Thursday 26 July 2012

Bible Book:

"I know that you have but little power, and yet you have kept my word and have not denied my name." (v. 8b)

Revelation 3:7-13 Thursday 26 July 2012


In the sixth of seven messages to the churches of Asia Minor(contemporary Turkey), the risen Christ addresses the church ofPhiladelphia with an encouragement to stay faithful. As in all themessages, this one begins with a short description. Here, Jesus isthe "holy one, the true one" (v. 7) and "has the key of David" - areference to his royal role as Messiah. Jesus opens the door thatno-one else can shut, most likely here the door of salvation.

The message is one of encouragement, one of only two of theseven letters to the churches where the risen Jesus offers nocriticism (Smryna (Revelation 2:8-11) is the other one). Althoughof little power, the church has stayed faithful to its calling. Thereference to the "synagogue of Satan" (v. 9) reflects the hostilitybetween church and synagogue at Philadelphia, where Jewishnon-Christians may have excluded Jewish Christians from theirassembly. The local Jewish synagogue, however, will learn thatthose who follow Christ are loved by God.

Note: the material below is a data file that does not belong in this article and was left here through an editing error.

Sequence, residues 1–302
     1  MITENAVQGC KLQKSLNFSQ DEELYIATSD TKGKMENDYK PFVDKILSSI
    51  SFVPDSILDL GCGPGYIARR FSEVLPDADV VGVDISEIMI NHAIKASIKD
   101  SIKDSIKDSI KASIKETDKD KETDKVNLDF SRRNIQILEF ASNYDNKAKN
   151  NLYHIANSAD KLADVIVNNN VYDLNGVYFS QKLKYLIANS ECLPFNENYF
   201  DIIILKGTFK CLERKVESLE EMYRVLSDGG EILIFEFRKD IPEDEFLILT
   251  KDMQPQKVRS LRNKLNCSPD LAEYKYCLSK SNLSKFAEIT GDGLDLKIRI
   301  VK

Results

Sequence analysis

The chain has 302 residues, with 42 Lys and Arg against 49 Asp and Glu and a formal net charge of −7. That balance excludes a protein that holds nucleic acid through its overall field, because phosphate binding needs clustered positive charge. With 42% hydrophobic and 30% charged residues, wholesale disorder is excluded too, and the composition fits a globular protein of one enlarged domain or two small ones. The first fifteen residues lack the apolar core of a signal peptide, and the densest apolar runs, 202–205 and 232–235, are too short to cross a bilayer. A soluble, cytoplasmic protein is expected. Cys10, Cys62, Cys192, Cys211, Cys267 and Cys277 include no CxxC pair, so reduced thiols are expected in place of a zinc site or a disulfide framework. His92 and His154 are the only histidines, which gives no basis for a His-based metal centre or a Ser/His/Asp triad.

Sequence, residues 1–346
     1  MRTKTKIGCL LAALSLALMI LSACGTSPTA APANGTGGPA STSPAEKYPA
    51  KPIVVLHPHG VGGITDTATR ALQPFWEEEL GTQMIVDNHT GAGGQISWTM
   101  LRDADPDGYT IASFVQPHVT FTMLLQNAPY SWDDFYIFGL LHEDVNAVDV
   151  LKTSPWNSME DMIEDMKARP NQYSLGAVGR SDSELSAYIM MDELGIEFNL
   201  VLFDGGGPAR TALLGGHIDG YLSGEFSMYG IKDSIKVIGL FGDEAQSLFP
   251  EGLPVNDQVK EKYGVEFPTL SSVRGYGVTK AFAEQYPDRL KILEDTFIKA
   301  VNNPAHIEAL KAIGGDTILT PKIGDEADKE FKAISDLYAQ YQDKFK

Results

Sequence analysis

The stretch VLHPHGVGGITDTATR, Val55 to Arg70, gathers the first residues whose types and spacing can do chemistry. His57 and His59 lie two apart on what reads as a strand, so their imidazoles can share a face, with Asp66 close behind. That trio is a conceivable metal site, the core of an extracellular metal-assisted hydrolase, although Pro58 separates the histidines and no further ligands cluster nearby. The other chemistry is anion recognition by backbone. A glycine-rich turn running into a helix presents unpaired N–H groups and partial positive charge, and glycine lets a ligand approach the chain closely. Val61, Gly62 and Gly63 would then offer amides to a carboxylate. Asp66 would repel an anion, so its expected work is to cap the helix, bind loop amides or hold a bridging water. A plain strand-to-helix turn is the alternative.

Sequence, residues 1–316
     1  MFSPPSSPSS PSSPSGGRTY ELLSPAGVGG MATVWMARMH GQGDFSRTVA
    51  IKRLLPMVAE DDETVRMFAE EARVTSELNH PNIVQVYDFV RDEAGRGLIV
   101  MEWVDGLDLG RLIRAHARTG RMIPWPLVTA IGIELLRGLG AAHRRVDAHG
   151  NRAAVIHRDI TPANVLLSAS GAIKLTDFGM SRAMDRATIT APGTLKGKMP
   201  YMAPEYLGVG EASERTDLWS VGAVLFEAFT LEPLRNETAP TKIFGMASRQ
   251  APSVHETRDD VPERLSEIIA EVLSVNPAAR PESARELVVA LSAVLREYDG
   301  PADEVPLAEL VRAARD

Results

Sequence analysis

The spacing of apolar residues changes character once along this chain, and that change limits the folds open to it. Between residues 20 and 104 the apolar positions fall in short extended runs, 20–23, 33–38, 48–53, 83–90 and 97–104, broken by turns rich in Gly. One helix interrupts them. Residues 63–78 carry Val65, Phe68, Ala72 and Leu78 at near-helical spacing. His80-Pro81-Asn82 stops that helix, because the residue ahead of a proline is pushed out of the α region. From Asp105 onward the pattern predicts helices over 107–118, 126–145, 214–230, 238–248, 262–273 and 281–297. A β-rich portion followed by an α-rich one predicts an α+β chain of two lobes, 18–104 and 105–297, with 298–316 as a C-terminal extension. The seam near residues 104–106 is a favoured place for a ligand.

Since they have remained faithful, the church at Philadelphiawill be kept from the "hour of trial" (v. 10) that is coming uponthe earth. This probably does not mean that the church will escapesuffering, but that it will be strengthened throughout it.

The reward for conquering - standing firm in commitment to Jesus- is being incorporated into the community of God forever. In verse12, a variety of metaphors communicate this reality: believers willbe made a "pillar" in the temple, having the name of God and theheavenly city 'written' on them. Those who remain faithful will befirmly established in God, secure in God's presence like brickworkin a building.

The whole passage also rests on the expectancy that Jesus iscoming again. After 2,000 years, it is easy to lose a sense of thiseschatological urgency, and yet such a posture is reflectedthroughout the New Testament.

To Ponder

  • To what extent should the expectation of Jesus' return shapeour discipleship?
  • What does 'patient endurance' look like for the Church intwenty first-century Britain? 
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